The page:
Climate Change And Health

Upon completion of this summit the world’s poorest people will continue to face serious risks from climate change, as periods of drought increasingly severe, floods and famines. The world’s most powerful countries this week had an unprecedented opportunity to advance the overall response effort against the threat of global warming and significantly reduce the risks faced by poorer countries. Read additional details here: Brad Garlinghouse. Nevertheless, Antonio Hill said: “We welcome the G-8 leaders are included in the UN process to combat climate change and have agreed to negotiate the post-2012 within this framework. This means that the poorest countries, which are also those most affected by climate change, may participate in the discussion of solutions “Add oxfam.org / is that Hill also stated that” it is good that the EU, Canada and Japan have confirmed their individual commitments to curb carbon emissions by 2050 and that other countries have agreed on the need for cuts. ” Oxfam said the G8 should also reach a compromise on increasing the help poor countries adapt to climate change. “The eight countries represented in this forum are those most responsible for global warming and more able to help poor countries adapt to its impact,” according to Antonio Hill.

“We expect these countries to reach a specific financial commitment to offset the effects of climate change. Poorer countries, particularly in Africa, will be unable to withstand the effects that climate change poses. The most conservative projections estimate that the costs of adaptation to climate change in developing countries will be at least 50,000 million dollars annually. The G8 should pay 80% of this amount, “said Hill. Oxfam also said that before the close of the Summit should pay attention to the need to increase aid to finance basic social services like health and education. At this time, the promises made at Gleneagles two years ago for double aid to Africa is not guaranteed.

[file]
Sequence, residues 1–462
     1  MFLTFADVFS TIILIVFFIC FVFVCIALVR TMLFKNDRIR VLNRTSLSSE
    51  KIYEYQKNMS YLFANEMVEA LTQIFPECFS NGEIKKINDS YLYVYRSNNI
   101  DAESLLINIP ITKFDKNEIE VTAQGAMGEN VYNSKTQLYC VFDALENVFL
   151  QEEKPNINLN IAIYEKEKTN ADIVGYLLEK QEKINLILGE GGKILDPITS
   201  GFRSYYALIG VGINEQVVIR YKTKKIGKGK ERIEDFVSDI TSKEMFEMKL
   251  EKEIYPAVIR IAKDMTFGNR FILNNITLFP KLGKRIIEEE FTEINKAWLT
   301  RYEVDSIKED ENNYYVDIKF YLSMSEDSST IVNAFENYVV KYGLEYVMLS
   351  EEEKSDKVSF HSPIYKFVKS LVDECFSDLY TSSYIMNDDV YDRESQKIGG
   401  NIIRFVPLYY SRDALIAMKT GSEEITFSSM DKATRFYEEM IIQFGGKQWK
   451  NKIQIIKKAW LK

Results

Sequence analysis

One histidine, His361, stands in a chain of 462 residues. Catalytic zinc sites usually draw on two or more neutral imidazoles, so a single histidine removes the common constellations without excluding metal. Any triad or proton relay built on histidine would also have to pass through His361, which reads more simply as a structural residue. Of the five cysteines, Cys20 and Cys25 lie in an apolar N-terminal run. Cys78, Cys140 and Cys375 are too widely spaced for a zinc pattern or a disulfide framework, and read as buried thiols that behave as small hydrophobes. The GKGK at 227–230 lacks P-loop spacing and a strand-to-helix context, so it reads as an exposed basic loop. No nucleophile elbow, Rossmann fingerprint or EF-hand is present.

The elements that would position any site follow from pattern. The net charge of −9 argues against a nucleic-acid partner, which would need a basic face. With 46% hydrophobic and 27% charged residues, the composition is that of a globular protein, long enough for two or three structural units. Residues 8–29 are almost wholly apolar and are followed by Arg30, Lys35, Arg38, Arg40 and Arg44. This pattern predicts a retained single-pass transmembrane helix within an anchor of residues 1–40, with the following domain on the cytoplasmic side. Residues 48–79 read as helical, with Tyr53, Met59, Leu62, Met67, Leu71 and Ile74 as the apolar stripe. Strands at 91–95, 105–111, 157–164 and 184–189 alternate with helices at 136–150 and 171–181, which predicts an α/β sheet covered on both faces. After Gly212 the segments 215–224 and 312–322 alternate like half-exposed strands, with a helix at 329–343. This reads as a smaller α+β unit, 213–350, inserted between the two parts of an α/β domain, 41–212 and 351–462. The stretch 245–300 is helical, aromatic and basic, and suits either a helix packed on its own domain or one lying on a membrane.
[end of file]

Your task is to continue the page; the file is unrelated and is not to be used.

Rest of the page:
Definitely, the document adopted by the G-8 summit in Toyako, northern Japan, set targets for the medium and long term which also involve the countries participating in UN discussions on global warming. United States, France, Britain, Germany, Japan, Russia, Italy and Canada, says the document pledged to reduce by 50 percent the emissions of the greenhouse gas by 2050. “Many countries expressed interest in nuclear power understood as a key instrument in reducing dependence on fossil fuels and reduce the impact of gas emissions,” greenhouse effect, said the G-8. In this regard, he stressed that “non-proliferation and nuclear safety are the principles for the peaceful use of nuclear energy.” The text recognizes “the role of renewable energy and the production and use of biofuels as alternatives to fossil resources.” Amsalatina.com gives us the regard that the G-8 in the final document endorsed efforts to reach the target set for 2010 biodiversity. United States stated that it achieved “significant progress” on climate change, U.S. government sources said, and emphasized the inclusion of new technologies such as alternative source for energy production. “Excellent discussion, excellent statement,” said the White House to assess the G-8 document. The European Commission President Jose Manuel Durao Barroso said he was “very happy with the results of the G-8 climate change” and felt that was reached “a new common vision among the major economies” that allow you to send a “strong signal citizens of the world. “.